British rom-coms are unashamedly corny with a time-proven formula: boy meets girl in unlikeliest circumstances, then boy and girl face a conflict that threatens to separate them, then boy and girl get together for good after a near-epic crowd-pleasing progression of events. Remember the frantic car trip that Will (Hugh Grant) takes with his mates in order to interview Anna (Julia Roberts) to convince her to stay in Notting Hill? No? You may perhaps remember the entourage that follow Jamie (Colin Firth) when he proposes to Aurélia (Lúcia Moniz) in Love, Actually. This formula can also be found in Man Up, directed by Ben Palmer – starring Simon Pegg (Jack) and Lake Bell (as Nancy).
Nancy is a 34-year-old journalist, still smarting from the last break-up and spending years being single and not wanting to take another chance. Her sister, Elaine (Sharon Horgan) tries to get her to get out a lot more and take a chance in dating again. Through a serendipitous series of events, Nancy ends up meeting Jack at Waterloo station. Jack is meant to meet Jessica (Ophelia Lovibond), a passenger who sits opposite Nancy at the train. Jack mistakenly thinks that Nancy is Jessica and goes on a blind date with her – they realise that they share a lot of similar baggage and share some common interests in movie one liners. Jack subsequently finds out that Nancy has been posing as Jessica and ‘stealing’ her date …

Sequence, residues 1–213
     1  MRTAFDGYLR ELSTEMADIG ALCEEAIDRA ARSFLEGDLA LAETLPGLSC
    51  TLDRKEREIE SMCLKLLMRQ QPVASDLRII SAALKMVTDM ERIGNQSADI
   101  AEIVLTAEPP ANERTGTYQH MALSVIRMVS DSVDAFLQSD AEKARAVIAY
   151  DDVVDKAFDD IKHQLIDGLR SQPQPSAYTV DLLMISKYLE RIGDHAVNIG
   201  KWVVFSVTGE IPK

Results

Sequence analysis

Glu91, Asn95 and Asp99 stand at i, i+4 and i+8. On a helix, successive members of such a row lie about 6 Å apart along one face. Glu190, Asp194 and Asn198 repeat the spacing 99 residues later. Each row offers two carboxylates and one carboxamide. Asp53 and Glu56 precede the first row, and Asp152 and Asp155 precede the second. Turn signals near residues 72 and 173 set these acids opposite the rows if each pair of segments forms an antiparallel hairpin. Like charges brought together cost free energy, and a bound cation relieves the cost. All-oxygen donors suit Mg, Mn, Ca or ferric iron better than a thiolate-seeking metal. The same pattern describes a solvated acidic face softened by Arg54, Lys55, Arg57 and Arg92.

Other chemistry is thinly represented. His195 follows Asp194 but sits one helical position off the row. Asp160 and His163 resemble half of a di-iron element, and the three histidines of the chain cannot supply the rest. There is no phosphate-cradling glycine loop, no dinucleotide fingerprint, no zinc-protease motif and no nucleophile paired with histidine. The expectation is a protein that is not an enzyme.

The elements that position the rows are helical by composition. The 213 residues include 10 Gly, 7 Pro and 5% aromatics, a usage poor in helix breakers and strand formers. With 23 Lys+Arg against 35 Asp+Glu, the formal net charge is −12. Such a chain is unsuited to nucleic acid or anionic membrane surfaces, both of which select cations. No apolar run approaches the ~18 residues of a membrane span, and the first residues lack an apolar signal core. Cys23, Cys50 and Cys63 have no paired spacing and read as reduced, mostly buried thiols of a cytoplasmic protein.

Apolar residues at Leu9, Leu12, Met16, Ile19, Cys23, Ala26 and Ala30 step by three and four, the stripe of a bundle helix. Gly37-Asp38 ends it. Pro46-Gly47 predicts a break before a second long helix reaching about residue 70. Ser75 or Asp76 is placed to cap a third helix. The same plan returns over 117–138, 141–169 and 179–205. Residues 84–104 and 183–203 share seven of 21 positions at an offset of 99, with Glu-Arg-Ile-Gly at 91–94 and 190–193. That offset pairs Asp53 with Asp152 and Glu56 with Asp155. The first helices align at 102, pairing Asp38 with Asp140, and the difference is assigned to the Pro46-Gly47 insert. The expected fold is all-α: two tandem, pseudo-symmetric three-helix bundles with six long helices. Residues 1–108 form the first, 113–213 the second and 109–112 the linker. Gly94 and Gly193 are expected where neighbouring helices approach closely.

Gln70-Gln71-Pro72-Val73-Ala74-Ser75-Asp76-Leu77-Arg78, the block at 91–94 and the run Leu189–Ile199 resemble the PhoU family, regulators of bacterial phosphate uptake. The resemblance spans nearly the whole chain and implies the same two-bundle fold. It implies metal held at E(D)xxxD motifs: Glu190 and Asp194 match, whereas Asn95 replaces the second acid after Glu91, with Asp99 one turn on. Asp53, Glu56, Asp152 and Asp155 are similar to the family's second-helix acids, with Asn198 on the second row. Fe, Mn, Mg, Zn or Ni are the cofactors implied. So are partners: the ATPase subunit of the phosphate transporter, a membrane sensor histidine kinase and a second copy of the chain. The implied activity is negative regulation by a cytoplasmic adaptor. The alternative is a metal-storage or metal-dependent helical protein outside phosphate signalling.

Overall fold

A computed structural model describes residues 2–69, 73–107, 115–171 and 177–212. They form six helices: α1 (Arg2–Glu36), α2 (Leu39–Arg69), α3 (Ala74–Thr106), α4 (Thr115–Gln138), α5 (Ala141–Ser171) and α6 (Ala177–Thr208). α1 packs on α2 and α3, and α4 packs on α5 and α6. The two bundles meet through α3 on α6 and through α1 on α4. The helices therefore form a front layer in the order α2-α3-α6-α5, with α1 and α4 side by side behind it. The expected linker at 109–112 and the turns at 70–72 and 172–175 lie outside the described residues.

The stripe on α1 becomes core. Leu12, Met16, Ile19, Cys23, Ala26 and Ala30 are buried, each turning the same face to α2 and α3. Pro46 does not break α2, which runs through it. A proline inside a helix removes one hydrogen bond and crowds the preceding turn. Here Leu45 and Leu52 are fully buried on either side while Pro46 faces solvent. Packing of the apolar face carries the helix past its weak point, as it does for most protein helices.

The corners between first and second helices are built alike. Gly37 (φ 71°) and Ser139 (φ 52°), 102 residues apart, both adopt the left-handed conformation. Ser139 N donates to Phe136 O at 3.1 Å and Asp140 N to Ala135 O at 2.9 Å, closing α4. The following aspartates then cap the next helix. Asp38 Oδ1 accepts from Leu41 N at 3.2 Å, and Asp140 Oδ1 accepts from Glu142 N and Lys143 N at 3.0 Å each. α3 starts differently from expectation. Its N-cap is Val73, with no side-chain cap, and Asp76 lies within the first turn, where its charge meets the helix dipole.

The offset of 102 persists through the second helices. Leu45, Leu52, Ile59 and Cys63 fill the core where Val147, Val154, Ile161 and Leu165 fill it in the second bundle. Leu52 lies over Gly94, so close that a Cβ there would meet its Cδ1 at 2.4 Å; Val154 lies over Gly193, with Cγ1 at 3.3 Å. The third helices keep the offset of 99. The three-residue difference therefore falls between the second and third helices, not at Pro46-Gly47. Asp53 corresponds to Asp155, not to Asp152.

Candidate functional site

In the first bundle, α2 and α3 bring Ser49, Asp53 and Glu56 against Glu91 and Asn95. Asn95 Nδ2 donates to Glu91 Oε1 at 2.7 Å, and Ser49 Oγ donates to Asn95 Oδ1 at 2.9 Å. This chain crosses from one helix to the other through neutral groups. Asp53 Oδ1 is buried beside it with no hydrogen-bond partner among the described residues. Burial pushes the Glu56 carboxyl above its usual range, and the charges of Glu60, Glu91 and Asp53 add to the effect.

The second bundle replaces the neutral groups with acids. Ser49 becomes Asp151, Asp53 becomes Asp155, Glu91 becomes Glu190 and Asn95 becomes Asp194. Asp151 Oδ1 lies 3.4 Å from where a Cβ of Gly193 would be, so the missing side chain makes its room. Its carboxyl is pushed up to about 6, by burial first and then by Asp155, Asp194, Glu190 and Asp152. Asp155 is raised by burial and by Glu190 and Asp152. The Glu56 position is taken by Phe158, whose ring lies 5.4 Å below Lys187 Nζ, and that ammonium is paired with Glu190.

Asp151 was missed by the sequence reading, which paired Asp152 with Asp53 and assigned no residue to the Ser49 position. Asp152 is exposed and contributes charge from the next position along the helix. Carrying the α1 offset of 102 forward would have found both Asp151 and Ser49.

Despite the nearly predictable storyline, Man Up is a charming rom-com that manages to elicit laughters and awwww’s. This is also thanks to the loveable down-to-earth characters and the believable acting by Simon Pegg and Lake Bell. Like other British films, Man Up also has some witty ripostes that make the story reasonably fresh and enjoyable, even when you know that it follows the same formula.
Throughout the movie, the director manages to keep the movie flowing well with the same style and quality throughout. The only lapse in quality happens in the scene in the bar when Nancy tries to extinguish a fire – somehow, either the fault of the camera used or the editing, it feels as if I was watching an amateur home video. Just for a split second. Ben Palmer also smartly ties the last scenes of the movie with the opening scenes – a similar setting in two different occasions. As his directing style develops and matures, I’m sure we will have more movies that are ‘tighter’ in execution as well. Man Up is an enjoyable, heartwarming movie which I like – but if you are not as jaded nitpicky as I am, you will enjoy this movie a lot more!